Since that tornado in Pine Lake. The weather in that part of Alberta remained dodgy for another week or so after. and at our 20 year reunion, there were spurts of wind and spats of rain. the big leaves of the poplar trees rattled like dishes in a sink.
There’s a radio show on now, people reminiscing about that storm and how upside-down it turned the world. One man told about going with his wife to his parent’s trailer for the weekend. They drove through the storm and the air was black and angry. It was not possible to understand what was happening. The man said that when they got to the trailer park where his parents lived, he started to panic. But his panic did not stop him. He and his wife roared around plucking people out of crushed trailers and piling them into their car and driving to the hospital in Red Deer. The ambulances and the paramedics and the bereavement counselors came fast, too.The man on the radio, his mom died in that storm. He went back the next week to see the counselor who had sat with him waiting for the ambulance to come for her. They sat in silence for maybe two hours.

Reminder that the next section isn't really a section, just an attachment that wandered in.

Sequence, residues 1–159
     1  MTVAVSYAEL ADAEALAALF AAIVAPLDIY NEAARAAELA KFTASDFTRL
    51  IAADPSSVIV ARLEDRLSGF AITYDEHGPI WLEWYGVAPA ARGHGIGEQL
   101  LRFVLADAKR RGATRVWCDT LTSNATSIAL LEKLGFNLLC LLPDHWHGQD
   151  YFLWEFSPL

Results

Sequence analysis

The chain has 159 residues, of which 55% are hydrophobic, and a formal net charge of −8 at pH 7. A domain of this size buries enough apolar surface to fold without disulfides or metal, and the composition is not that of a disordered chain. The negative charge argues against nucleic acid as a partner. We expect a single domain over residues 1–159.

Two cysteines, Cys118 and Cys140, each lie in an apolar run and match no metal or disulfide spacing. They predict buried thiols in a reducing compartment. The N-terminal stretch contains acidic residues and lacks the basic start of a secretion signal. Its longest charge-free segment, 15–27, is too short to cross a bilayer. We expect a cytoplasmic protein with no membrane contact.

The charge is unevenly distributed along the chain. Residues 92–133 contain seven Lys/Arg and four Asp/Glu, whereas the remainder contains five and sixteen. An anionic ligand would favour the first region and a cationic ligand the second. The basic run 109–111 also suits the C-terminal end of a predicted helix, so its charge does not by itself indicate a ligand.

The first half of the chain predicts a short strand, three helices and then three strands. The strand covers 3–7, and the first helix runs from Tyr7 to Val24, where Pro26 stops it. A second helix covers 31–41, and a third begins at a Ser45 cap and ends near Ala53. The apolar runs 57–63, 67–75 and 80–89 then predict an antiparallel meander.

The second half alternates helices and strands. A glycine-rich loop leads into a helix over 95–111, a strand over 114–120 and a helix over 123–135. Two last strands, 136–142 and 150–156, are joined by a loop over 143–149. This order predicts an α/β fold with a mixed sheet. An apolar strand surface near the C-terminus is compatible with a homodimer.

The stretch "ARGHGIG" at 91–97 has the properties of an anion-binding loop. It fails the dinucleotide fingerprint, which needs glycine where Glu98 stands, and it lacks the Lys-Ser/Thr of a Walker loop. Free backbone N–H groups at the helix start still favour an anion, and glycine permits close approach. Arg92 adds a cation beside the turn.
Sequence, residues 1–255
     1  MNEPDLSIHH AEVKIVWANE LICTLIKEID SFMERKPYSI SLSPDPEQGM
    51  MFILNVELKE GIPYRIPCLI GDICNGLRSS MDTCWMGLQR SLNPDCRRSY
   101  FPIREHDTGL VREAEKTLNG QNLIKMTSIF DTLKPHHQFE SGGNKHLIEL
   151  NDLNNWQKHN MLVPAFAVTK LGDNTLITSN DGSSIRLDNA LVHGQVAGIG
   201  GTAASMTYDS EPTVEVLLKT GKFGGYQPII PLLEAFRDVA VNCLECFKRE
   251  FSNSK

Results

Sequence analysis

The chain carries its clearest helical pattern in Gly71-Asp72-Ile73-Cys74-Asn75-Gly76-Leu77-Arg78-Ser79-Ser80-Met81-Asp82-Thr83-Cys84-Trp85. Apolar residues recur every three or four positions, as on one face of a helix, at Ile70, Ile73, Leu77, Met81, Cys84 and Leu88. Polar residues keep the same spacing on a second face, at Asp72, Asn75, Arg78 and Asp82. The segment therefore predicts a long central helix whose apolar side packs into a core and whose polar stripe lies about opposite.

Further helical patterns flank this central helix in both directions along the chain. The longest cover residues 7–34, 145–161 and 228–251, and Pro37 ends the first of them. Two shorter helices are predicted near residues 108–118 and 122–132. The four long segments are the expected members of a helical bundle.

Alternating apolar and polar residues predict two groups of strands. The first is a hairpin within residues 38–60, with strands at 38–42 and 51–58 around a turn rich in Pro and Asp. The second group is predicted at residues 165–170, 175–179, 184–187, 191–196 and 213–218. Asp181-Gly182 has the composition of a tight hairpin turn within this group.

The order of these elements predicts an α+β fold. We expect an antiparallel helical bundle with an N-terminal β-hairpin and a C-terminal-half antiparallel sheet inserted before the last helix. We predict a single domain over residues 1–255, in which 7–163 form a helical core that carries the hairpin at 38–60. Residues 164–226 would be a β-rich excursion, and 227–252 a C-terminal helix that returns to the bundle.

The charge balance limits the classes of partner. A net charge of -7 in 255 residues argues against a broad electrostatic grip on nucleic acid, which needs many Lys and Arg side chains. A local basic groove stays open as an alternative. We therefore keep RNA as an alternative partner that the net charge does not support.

The week after, we looked up at the sky from outside the Memorial Centre near our high school. We were a bit apprehensive. But the storm had passed. the sky was full of reminders.
That sky always is.